Visitors will be stunned by the abundance of gold, chandeliers, and grand double staircases. This incredible theater is also said to be the inspiration for writer Gaston Leroux’s infamous “The Phantom of the Opera. Admission starts at 8 euro, and visitors have the opportunity to select a tour with or without a guide.

La Basilique du Sacré-Coeur

This white-domed beauty sits at the summit of Montmartre, overlooking the rest of Paris. The Sacre-Coeur is a still-functioning Roman Catholic church, but also features one of the best views of the city. The free vantage point requires a 300-step journey to the top, though, so keep that in mind! The basilica is open from 6 a.m. to 10:30 p.m. every day, and the dome is open from 8:30 a.m. to 8 p.m. (May to September).

Photo by Naïme Vally
Photo by Javier Piña
Photo by Loïc Lagarde

Sainte-Chapelle

This beautiful church was constructed during the 13th century and is now considered one of the greatest feats of the Rayonnant Gothic period. The interior is a magical array of stained glass windows and golden supports. In fact, Sainte-Chapelle’s collection of stained glass is the largest in the world. Make sure to visit the Cathedral on a sunny day to experience the full effect of the colored glass. It’s only 10 euro to get in, and opening hours are extended during the summer.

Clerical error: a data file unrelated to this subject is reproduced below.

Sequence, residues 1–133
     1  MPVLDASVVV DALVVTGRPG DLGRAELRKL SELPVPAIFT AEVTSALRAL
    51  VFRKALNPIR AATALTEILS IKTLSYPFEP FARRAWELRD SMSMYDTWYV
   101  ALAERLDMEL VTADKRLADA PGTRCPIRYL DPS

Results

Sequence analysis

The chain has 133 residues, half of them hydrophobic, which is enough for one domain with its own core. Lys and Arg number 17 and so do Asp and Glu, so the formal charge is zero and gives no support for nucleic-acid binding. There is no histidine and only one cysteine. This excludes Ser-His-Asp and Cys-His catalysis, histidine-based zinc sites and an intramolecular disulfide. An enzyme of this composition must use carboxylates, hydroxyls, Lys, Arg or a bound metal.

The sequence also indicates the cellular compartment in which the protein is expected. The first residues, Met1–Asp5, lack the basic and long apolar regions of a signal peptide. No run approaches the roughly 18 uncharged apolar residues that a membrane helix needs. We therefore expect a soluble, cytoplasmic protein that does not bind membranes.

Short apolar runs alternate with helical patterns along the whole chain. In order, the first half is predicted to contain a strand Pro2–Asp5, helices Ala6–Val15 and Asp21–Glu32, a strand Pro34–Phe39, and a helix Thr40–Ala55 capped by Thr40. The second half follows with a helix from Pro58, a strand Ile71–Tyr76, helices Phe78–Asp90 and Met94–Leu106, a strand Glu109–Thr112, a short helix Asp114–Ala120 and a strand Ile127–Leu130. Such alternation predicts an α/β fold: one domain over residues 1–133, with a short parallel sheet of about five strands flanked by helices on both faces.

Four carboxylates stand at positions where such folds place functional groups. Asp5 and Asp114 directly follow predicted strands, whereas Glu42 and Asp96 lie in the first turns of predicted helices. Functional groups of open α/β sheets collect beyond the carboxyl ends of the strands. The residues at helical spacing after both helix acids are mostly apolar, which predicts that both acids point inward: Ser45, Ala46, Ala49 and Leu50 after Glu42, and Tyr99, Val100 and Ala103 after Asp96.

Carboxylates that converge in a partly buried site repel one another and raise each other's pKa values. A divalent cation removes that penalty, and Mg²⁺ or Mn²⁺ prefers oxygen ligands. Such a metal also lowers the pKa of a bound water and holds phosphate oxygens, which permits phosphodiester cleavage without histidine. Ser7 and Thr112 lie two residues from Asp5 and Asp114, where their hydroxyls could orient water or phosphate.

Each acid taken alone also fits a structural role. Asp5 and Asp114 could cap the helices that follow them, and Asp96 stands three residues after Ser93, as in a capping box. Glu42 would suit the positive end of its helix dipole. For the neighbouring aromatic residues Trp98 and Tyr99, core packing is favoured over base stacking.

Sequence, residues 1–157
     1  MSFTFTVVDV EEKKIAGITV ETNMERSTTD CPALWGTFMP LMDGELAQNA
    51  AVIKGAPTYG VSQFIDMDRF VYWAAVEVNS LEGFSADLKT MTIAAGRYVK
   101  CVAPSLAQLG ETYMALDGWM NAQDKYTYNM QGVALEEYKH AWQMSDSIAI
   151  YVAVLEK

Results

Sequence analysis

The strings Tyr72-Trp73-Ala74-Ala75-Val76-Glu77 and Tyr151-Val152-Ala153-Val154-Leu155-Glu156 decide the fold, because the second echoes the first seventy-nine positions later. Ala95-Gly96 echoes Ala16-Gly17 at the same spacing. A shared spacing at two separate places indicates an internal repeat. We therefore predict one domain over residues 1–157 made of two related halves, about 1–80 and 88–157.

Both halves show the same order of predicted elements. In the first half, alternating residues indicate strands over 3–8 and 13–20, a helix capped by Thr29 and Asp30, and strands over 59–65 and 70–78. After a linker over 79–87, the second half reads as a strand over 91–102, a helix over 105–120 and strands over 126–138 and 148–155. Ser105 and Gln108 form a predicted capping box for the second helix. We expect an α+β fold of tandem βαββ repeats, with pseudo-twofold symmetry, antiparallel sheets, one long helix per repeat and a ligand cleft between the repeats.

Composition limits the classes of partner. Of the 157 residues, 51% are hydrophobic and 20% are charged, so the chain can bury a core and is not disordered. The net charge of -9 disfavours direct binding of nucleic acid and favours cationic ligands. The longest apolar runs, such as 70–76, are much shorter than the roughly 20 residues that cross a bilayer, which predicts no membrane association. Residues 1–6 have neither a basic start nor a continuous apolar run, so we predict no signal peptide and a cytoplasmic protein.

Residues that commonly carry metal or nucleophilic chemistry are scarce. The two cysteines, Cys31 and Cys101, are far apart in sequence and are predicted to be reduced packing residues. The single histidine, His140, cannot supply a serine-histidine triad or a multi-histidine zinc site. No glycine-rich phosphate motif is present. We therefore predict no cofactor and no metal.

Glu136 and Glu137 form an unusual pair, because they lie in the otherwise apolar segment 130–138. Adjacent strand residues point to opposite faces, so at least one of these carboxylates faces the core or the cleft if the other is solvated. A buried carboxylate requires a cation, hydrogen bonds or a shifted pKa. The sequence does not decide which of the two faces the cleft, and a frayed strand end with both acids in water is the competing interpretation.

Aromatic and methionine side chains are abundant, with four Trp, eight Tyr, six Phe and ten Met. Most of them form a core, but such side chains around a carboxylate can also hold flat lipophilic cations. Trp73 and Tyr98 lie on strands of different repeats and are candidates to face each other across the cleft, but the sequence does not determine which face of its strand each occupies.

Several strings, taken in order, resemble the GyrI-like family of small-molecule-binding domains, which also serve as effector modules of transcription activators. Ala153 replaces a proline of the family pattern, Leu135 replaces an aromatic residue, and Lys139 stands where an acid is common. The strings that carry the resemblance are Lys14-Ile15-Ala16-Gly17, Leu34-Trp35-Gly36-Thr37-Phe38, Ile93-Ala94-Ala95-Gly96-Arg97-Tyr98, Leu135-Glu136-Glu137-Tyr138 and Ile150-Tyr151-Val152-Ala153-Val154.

Shakespeare and Company

This famous bookstore sits across from Notre Dame Cathedral on Paris’ Left Bank. Its worn green and yellow facade is well-known, and literature lovers from across the world flock to its shelves.

The bookstore has a long history — as Shakespeare & Co. is actually the name of two separate Parisian establishments. The first was opened by Sylvia Beach in 1919 and was the gathering place for aspiring writers of the Lost Generation during the 1920s. Beach’s shop closed during WWII and the second bookstore — the one we all know and love — was opened in 1951 by American George Whitman.

Head inside to pick out a book, or hang in the area outside to shoot some photos. The main shop is open every day of the week from 10 a.m. to 11 p.m., and the bookstore often hosts events in the evenings.

Photo by Cris Silveira
Photo by Cris Silveira

Header image by Gizem Toker.